Sarah-Jane Critchley’s ‘A Different Joy’ asks “whomever said there were boxes into which we SHOULD fit anyway?”, offering both practical and personal resilience for turning messy into ‘mess-tastic.’

Jennifer Cook O'Toole Jennifer Cook O'Toole
Author of the Asperkids Series

"This book is nurturing like a good cup of tea.

Reading this book through the eyes of a professional in the field of autism, I was struck by its openness, honesty, and very human approach

It takes you on a journey of living with and supporting children who see and experience the world differently from pre-diagnosis to adulthood.  At each stage of the journey, Sarah has shared personal and professional experiences, a wealth of practical tips, resources and sign posting in such am accessible way.

This is an excellent book for parents to support them through their own journey but also for professionals to gain a clear and honest insight into the lives of children with additional needs and their families.

This book champions difference, that nobody is perfect and celebrates children for who they are. I will be recommending this book to the families and settings my team support."

Clare Henshaw Clare Henshaw
Autism Outreach Coordinator, Brent Autism Outreach Team

...An insightful, easy to navigate and very personal guide through the pitfalls of parenting children with 'hidden' SEN - covering everything from diagnosis through to finding the right school; family dynamics to mental health.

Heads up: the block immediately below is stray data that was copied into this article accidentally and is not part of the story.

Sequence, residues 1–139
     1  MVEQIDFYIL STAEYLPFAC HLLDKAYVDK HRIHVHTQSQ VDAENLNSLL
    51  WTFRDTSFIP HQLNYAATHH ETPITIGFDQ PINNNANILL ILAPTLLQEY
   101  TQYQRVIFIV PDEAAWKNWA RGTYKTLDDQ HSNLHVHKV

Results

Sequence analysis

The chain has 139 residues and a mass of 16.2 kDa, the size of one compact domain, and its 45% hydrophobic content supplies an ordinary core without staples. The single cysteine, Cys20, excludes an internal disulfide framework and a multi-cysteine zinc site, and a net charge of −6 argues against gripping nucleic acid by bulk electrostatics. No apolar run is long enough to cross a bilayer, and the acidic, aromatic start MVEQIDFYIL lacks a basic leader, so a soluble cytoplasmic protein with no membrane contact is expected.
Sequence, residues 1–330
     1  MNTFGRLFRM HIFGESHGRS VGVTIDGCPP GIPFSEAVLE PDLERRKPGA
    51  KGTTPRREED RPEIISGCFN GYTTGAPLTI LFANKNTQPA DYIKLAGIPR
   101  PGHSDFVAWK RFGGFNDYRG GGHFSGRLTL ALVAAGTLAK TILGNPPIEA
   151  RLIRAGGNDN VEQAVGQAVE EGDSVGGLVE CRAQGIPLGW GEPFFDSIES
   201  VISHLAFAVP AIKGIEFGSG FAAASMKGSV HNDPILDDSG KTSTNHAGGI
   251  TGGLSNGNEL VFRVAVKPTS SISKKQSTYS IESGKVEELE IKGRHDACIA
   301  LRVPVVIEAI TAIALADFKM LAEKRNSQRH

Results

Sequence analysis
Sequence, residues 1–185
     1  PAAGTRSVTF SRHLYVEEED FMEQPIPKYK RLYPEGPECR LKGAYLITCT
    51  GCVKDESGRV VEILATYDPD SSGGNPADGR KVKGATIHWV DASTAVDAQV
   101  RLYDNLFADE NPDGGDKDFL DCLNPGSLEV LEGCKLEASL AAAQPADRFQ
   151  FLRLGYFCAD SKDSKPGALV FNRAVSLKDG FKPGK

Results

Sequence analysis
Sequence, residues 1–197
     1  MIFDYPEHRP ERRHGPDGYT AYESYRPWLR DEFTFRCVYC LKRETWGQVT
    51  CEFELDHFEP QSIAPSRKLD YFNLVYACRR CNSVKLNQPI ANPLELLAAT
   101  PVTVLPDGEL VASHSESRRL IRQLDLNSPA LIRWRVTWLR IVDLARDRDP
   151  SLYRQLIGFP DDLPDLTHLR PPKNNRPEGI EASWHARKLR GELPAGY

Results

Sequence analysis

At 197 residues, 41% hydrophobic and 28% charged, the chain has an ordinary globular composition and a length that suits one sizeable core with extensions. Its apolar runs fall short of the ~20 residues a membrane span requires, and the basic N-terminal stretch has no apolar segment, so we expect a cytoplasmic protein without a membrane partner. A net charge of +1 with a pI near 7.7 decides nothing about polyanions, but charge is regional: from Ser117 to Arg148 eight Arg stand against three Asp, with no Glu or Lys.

Jenny Phillips

A Different Joy: A Parents’ Guide to Living Better With Autism, Dyslexia, ADHD & More by Sarah-Jane Critchley is essential reading for anyone living with or caring for a child who has learning difficulties in the autistic spectrum. It should also be compulsory reading for everyone working with children and young people, in any capacity, whether as caretaker or Head Teacher of a school or as Scout/Guide leader or Youth Club worker.

In her open, personal and informative account of the difficulties and complexities of raising two children with challenging needs, Sarah-Jane Critchley manages to educate without preaching and to comfort without being patronising.

This book is a manual and a counselling session in one. In short sections like Can diagnosis be helpful? and What is neurodiversity? under their clear Chapter Headings, Critchley gives concise, factual information that is unbiased and easy to digest.
She also discusses Divorce, separation and mental health and other personal issues faced by parents under pressure. However, the overriding emphasis of this book is love.